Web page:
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Crews from state and county work to protect important watersheds

Crews from the state and the county are rushing to keep toxic materials from the North Complex Fire out of important waterways.

Posted: Oct 22, 2020 11:26 AM
Updated: Oct 22, 2020 11:26 AM

BERRY CREEK, Calif. - Five California Conservation Corps (CCC) crews are assisting Butte County Public Works and Department of Water Resources in making sure that the watershed is protected from potential rain water run-off from homes burned in the North Complex Fire.

“Right now, we are out here digging little trenches for the wattles and staking them in to prevent erosion and chemicals from getting into our watershed,” said CCC member, John Alviso. 

CCC agency rep and task force leader, Benjamin Herbert, said that when it rains, wattles will absorb toxic materials and prevent these toxic materials from reaching important water resources.

“Ultimately, water is the center of our life and so we need to protect our watersheds by any means," said Herbert. "All of this flows down into this lake which flows down in the Oroville lake and reservoir and that is one of our missions is protection of our environment.”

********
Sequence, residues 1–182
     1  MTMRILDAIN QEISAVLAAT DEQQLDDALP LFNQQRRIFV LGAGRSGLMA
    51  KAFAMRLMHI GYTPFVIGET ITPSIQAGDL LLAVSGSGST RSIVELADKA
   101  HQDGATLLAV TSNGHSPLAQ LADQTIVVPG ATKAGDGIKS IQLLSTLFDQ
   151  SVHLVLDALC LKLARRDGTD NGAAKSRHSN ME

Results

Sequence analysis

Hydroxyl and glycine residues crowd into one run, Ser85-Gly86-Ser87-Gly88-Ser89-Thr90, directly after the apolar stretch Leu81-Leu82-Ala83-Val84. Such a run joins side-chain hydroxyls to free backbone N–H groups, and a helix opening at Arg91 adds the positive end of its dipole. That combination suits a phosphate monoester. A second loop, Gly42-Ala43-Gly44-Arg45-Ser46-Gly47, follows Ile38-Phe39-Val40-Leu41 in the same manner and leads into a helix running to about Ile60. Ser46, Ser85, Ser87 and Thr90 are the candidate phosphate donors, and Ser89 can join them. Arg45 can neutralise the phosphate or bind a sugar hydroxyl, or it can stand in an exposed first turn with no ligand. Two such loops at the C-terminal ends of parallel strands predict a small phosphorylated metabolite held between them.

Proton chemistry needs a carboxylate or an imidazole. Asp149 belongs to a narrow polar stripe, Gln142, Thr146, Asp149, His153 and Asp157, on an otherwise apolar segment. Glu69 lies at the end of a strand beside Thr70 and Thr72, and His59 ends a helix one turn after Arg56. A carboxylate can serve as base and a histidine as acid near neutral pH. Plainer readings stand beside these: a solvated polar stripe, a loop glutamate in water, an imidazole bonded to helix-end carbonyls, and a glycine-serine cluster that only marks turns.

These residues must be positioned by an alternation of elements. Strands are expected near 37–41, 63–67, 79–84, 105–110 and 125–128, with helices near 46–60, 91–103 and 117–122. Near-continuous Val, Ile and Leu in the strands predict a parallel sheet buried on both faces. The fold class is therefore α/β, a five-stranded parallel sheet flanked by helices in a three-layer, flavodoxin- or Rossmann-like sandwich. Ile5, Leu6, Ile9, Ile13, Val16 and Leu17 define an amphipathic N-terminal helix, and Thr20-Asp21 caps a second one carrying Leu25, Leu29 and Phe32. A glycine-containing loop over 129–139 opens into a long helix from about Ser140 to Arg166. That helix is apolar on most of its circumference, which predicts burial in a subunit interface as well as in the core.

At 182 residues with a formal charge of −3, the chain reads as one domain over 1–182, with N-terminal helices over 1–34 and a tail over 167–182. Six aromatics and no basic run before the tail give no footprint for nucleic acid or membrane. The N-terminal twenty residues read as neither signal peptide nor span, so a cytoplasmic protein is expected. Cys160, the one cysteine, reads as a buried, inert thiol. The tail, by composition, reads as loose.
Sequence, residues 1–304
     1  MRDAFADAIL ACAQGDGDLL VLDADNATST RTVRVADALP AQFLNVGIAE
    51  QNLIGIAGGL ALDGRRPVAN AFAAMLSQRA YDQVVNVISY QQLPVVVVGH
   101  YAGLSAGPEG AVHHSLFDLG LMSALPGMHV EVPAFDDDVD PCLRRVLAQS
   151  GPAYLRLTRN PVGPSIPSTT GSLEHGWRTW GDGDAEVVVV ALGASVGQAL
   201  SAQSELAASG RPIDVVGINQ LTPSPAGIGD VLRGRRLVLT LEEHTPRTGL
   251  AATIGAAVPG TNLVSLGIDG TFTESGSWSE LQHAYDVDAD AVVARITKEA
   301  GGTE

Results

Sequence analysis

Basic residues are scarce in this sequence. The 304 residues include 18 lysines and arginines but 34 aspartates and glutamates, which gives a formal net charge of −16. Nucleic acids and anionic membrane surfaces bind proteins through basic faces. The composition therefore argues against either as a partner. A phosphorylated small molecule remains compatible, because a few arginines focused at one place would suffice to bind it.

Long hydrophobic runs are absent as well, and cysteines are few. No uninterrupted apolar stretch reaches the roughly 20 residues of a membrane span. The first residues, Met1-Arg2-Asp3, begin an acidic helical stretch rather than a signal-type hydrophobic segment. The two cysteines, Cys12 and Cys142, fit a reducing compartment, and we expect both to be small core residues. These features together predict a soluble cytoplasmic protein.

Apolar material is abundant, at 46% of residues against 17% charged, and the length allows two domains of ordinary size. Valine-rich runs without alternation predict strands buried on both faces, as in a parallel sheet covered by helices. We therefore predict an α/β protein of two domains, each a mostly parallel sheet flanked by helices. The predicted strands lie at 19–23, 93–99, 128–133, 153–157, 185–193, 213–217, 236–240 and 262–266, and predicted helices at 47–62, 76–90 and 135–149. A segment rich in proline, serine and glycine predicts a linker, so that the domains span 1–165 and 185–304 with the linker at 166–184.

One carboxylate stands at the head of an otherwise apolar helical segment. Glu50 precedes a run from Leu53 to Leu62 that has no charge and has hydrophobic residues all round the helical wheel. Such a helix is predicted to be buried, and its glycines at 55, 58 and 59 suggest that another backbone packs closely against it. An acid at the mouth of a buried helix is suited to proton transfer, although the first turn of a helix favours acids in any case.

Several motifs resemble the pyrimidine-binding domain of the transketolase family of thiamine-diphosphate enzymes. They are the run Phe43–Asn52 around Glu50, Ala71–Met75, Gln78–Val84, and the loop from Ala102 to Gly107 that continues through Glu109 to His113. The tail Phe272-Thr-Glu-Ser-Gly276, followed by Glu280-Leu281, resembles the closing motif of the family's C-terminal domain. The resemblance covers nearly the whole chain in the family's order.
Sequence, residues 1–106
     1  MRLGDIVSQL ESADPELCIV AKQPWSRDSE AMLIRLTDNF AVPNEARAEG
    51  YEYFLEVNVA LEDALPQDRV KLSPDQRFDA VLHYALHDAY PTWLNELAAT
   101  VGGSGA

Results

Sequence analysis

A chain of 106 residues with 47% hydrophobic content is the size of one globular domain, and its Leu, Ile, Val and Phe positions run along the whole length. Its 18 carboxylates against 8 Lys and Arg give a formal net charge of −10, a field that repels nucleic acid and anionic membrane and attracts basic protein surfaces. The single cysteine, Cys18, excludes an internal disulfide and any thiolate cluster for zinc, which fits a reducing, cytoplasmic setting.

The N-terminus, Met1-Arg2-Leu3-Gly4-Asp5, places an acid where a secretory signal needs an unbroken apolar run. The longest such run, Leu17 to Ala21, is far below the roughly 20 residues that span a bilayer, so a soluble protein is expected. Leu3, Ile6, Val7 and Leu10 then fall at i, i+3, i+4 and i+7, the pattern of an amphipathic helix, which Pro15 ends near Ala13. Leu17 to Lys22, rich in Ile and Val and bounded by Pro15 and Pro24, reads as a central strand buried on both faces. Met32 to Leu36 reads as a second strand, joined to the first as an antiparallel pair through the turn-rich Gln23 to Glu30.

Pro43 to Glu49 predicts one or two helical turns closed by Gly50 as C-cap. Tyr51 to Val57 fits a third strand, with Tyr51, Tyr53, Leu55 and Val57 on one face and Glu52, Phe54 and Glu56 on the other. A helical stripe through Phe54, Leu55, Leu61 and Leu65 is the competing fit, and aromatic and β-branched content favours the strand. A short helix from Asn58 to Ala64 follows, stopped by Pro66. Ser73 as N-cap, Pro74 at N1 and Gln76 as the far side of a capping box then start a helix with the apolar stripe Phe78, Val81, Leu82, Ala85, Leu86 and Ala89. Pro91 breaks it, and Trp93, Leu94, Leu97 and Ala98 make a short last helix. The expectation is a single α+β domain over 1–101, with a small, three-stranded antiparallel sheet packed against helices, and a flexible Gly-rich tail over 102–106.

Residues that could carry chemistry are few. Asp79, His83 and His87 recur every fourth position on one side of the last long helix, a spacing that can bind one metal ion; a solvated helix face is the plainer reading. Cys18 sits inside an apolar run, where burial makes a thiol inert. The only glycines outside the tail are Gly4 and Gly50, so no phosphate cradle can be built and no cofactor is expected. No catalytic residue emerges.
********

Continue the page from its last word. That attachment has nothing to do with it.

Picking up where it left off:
“It is critically important that we stay invested in this," said Northern Branch Director for CAL OES, Cole Glenwright. "We stay invested in the long-term recovery. Cal OES works with the county and experts from a number of state agents to identify priority risk areas where we can best assist, and this was a priority area.”

Glenwright said that they plan to bring in other resources in efforts to help protect the watersheds.

“We will have a number of more significant recovery operations on the ground here," said Glenwright. "We will continue to coordinate with our federal and county partners.”

He that they requested and ordered 50-thousand linear feet of wattles and have received the wattles from their partners at the Department of General Resources in California.

The CCC said they will be bringing in other resources over the next couple of days in efforts to protect these important watersheds.

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